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Current Developments in the Commercial Divisions of the
New York State Courts by Schlam Stone & Dolan LLP
Posted: January 18, 2019

Delay Not Fatal to Motion to Amend

On November 14, 2018, Justice Grays of the Queens County Commercial Division issued a decision in Energy Conservation Group, LLC v. Applied Underwriters, Inc., 2018 NY Slip Op. 33436(U), granting a motion to amend even though there was a delay in making the motion, explaining:

CPLR §3025(b) provides that leave to amend a pleading shall be freely given upon such terms as may be just. As a general rule, the amendment of a complaint will be permitted where there is no significant prejudice or surprise to the defendant. Prejudice in this context means that the nonmoving party has been hindered in the preparation of its case or has been prevented from taking some measure in support of its position.

In the case at bar, the amendment of the answer is warranted for several reasons. First, the Applied defendants’ extended delay in moving to amend their answer required them to offer a reasonable excuse for the delay, a requirement that they met by showing that they have been waiting for determinations to be made in other forums. While an earlier interposition of the counterclaims would have been much preferable, their excuse, coupled with other factors, is sufficiently, though barely, plausible. Second, tardiness does not bar the amendment of a pleading unless it resulted in significant prejudice to the other side. In the case at bar, the plaintiffs have been aware of the debts allegedly due to the Applied defendants for years, and the assertion of the counterclaims now should not take them by surprise, especially because of the reservation of rights in previous answers. Third, the claims asserted by the plaintiffs and the claims asserted by the Applied defendants share at least some issues in common, and judicial economy would be served by determining all of the claims in one action. In this complex dispute, the interest of judicial economy is the heaviest factor in allowing the amendment sought by the Applied defendants. Fourth, the assertion of the counterclaims should not unduly delay the trial of this action, since the parties have not concluded discovery, and the extensive discovery already conducted would be relevant tc the common issues raised by the parties. The plaintiffs did not persuade the court on this motion that sweeping additional discovery would be necessary. Moreover, in the case at bar, the need, if any, for additional discovery does not amount to prejudice sufficient to justify denial of an amendment. Fifth, a party seeking to amend his pleading has the burden of establishing that the proposed amendment has merit. But, the Court should not examine the merits or legal sufficiency of the proposed amendment beyond determining whether the amendment is palpably insufficient or patently devoid of merit on its face. The proposed counterclaims of the Applied defendants are not patently without merit.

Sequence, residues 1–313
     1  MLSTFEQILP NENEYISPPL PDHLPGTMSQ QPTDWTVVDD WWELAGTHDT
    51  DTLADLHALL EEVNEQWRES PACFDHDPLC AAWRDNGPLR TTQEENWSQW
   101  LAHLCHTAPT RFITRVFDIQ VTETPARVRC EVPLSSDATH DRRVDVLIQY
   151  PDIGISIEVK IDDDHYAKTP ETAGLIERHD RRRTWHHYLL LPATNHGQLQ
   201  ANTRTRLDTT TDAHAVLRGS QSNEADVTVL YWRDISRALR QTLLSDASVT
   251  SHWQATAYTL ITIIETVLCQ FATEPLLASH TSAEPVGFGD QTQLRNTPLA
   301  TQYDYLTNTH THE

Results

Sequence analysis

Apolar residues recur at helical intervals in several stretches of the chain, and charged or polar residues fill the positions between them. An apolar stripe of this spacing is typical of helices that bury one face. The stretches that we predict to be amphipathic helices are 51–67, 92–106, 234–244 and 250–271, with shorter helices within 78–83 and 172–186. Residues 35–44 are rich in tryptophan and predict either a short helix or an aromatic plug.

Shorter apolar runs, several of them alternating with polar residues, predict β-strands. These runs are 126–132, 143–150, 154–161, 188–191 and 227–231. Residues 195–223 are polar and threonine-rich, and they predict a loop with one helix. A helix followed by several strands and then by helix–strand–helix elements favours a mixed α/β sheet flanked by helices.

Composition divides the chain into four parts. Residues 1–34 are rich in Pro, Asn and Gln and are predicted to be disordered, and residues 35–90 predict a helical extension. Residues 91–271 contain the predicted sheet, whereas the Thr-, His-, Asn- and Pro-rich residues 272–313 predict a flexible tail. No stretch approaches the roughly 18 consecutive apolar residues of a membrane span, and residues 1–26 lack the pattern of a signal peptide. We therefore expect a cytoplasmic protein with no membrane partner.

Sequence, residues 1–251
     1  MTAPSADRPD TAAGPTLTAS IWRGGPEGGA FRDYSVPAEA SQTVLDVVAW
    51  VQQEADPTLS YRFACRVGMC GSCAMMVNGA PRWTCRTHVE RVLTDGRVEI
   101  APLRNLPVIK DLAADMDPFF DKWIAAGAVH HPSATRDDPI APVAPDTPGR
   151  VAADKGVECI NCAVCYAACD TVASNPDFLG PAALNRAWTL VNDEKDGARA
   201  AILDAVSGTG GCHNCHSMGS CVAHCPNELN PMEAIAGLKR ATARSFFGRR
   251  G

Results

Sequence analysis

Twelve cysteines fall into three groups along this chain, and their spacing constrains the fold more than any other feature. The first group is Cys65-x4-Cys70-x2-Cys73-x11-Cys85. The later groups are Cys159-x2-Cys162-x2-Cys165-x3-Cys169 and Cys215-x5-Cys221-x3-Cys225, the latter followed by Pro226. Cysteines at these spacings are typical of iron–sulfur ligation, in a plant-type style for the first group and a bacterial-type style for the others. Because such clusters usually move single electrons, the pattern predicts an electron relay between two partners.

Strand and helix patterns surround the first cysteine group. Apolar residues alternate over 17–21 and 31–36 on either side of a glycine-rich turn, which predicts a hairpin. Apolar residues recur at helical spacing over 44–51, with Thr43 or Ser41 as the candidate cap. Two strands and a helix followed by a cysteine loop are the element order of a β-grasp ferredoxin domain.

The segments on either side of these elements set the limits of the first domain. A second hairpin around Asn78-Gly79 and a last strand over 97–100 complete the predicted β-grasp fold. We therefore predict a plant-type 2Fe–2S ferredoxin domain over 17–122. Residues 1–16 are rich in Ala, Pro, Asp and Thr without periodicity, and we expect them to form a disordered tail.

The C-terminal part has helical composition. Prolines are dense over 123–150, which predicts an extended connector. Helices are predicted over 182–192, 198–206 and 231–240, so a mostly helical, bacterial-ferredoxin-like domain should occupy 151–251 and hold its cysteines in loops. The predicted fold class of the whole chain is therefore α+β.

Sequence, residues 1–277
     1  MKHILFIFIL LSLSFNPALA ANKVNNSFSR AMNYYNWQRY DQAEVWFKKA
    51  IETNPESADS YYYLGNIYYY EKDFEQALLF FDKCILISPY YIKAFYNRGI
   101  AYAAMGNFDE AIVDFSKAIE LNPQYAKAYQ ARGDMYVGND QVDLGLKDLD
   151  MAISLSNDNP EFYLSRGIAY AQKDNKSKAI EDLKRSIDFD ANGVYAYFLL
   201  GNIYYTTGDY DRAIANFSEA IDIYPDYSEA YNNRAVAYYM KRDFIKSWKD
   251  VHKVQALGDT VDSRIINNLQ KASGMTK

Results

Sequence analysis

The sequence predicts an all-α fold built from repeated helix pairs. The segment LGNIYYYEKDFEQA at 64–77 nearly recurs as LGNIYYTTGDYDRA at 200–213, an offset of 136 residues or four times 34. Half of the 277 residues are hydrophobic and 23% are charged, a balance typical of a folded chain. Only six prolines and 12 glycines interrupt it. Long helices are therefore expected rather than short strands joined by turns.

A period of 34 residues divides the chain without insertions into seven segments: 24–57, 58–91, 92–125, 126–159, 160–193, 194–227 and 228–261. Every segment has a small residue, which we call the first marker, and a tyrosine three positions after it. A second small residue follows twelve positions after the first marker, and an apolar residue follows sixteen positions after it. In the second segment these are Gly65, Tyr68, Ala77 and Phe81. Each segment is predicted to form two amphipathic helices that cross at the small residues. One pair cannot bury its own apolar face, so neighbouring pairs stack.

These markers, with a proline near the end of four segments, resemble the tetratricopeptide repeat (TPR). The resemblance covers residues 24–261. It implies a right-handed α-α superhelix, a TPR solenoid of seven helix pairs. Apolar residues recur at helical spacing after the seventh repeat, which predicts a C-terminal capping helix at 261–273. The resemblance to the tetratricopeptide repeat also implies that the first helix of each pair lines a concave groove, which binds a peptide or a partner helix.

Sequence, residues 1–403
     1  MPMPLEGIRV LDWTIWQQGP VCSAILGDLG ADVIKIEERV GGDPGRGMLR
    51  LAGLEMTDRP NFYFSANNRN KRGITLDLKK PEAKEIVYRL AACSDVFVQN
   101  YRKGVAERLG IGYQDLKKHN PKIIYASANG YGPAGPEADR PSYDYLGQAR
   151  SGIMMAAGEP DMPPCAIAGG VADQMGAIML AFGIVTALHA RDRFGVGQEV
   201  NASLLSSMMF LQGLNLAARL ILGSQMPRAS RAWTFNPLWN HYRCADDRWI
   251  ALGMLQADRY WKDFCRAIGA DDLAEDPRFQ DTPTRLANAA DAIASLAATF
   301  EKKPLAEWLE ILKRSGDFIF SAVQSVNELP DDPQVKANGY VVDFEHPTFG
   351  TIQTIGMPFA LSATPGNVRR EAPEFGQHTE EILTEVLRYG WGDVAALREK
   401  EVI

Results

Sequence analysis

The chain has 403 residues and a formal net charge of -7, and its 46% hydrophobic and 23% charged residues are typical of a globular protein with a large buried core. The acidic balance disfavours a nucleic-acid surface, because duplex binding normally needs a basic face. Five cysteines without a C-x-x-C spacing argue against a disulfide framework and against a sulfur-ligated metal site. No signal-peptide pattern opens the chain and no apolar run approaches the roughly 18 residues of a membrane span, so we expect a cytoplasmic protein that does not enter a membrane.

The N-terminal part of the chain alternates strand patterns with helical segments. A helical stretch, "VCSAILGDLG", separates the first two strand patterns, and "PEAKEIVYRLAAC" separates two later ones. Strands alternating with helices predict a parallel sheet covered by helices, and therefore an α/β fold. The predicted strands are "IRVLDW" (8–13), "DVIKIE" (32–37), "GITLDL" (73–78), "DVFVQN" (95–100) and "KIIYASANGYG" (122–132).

(Internal quotations and citations omitted).

In New York, the courts are very generous in allowing a party to amend its pleadings. However, there are limits to this generosity. Contact Schlam Stone & Dolan partner John Lundin at jlundin@schlamstone.com if you or a client have a question regarding whether it is too late to amend your claims or answer.

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